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How to Reduce Anxiety With Only One Mindfulness Meditation Session

8 minute read


Stress is something we all experience. The key to stress is controlling it so that anxiety does not take over your life and your health.

With anxiety being one of the most common mental health disorders in the country, it is important to take control sooner rather than later.

Mindfulness meditation has long been practiced as a way to relieve anxiety. Recent research has shown that the benefits can be seen in as little as one session.

Mindfulness Meditation Study

A recent study has shown that one single session of mindfulness meditation can reduce the stress on your arteries. Given that anxiety takes a large toll on your cardiovascular system, this is exactly where we need to see the relief.

| Related: 3 Simple Habits to Stop Your Brain From Worrying |

One session lowers blood pressure and reduces stress on your cardiovascular system, which can benefit your heart, brain, and other important organs. With continued sessions, there is significant improvement by the end of a week.

Anxiety increases your risk for cardiovascular disease because it hardens your arteries, which interferes with blood flow. Arterial stiffness is a predictor of heart disease as well as stroke and can be triggered by traumatic events in your life, job stress, and depression.

| Related: The Best Diet to Fight Depression & Anxiety |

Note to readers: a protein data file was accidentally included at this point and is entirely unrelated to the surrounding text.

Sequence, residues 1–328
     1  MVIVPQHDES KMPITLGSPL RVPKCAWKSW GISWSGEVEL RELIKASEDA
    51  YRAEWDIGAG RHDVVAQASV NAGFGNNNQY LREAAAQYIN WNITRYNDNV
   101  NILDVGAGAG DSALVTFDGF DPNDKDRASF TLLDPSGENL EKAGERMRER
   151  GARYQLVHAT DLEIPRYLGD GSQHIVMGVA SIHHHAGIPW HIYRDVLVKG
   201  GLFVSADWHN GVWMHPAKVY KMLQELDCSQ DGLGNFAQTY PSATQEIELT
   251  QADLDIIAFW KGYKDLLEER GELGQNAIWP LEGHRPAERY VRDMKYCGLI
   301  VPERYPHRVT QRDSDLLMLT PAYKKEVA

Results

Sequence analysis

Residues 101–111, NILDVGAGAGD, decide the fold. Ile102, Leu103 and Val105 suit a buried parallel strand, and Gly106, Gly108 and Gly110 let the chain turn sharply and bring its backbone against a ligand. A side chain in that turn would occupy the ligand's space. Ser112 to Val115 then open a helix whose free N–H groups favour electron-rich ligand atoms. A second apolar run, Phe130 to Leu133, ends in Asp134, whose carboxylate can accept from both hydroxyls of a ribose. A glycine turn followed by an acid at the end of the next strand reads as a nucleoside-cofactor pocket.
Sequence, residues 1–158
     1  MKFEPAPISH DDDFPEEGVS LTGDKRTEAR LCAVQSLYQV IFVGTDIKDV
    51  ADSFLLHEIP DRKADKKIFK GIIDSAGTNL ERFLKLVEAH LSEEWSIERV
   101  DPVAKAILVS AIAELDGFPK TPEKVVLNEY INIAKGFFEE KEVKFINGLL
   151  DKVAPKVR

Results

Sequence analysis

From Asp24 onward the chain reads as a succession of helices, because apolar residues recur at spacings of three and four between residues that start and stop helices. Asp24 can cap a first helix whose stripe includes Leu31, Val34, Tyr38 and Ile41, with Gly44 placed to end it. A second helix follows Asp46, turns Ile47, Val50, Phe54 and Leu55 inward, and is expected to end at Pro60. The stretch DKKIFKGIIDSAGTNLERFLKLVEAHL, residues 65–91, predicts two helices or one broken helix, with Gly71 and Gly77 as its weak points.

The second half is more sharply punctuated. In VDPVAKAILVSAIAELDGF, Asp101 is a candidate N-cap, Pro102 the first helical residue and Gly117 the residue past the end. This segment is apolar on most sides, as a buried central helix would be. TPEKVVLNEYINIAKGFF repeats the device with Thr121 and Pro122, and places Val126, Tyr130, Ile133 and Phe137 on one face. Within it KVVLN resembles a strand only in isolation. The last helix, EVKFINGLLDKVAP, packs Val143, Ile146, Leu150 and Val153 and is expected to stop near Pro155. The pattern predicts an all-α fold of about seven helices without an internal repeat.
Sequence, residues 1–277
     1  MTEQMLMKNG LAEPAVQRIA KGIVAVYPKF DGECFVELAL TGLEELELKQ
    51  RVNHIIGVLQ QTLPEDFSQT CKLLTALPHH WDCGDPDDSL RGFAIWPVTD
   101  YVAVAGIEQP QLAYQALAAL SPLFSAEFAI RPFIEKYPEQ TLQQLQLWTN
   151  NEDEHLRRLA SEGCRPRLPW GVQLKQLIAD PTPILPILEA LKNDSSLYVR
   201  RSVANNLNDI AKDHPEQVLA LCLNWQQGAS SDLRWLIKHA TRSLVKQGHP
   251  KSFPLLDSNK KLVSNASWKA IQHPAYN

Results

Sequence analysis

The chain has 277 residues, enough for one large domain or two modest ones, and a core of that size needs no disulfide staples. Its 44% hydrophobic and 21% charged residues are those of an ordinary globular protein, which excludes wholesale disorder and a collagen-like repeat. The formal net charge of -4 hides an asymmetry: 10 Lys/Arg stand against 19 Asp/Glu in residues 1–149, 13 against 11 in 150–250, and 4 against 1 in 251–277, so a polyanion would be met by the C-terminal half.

As more pressure is placed on your heart and blood vessels, more damage occurs, and you run the risk for high blood pressure and heart attack. If not addressed, serious health problems can occur with time; it’s why many people look to heart-healthy supplements for help.

Researchers looked at the effects of mindfulness meditation on 14 individuals with normal blood pressure but high levels of anxiety. They recorded heart rate, blood pressure, and arterial stiffness both before and after an hour-long meditation session.

The type of meditation used focused on deep breathing and awareness of one’s own thoughts. The one session showed improvements in each of the measured factors, indicating that even a brief intervention can reduce anxiety and, therefore, protect your overall health.

Anxiety and Your Health

Your body is equipped with a stress response that is necessary for survival. The flight-or-fight response has evolved as a means of protecting you from danger. When a physical threat presents itself, this response is triggered.

| Related: Buddhist Master Reveals 21 Ways to Reduce Stress |  

The same thing happens when you are worried or stressing over something. Your brain cannot tell the difference between a real threat and a perceived one, so the stress response is initiated.

Hormones released in response to stress can cause a number of physiological changes in your body. Stress triggers the release of cortisol, causing increased heart rate, increased breathing, and decreased digestive activity. It also causes you liver to release stored glucose to give you an instant burst of energy.

During times of danger these changes allow you to do what is necessary for survival. But they have deleterious effects otherwise.

Prolonged exposure to this hyperactive state puts your body and your health at risk. Anxiety involves constant worrying, which means your brain is always thinking there is a threat looming.

| Related: The Amazing Effect of Meditation on Brain Structure |  

Your body remains in a ‘stressed’ state for longer than necessary, lacing great physical strain on your heart and other vital organs. Persistent anxiety begins to negatively impact your overall health. Here’s how: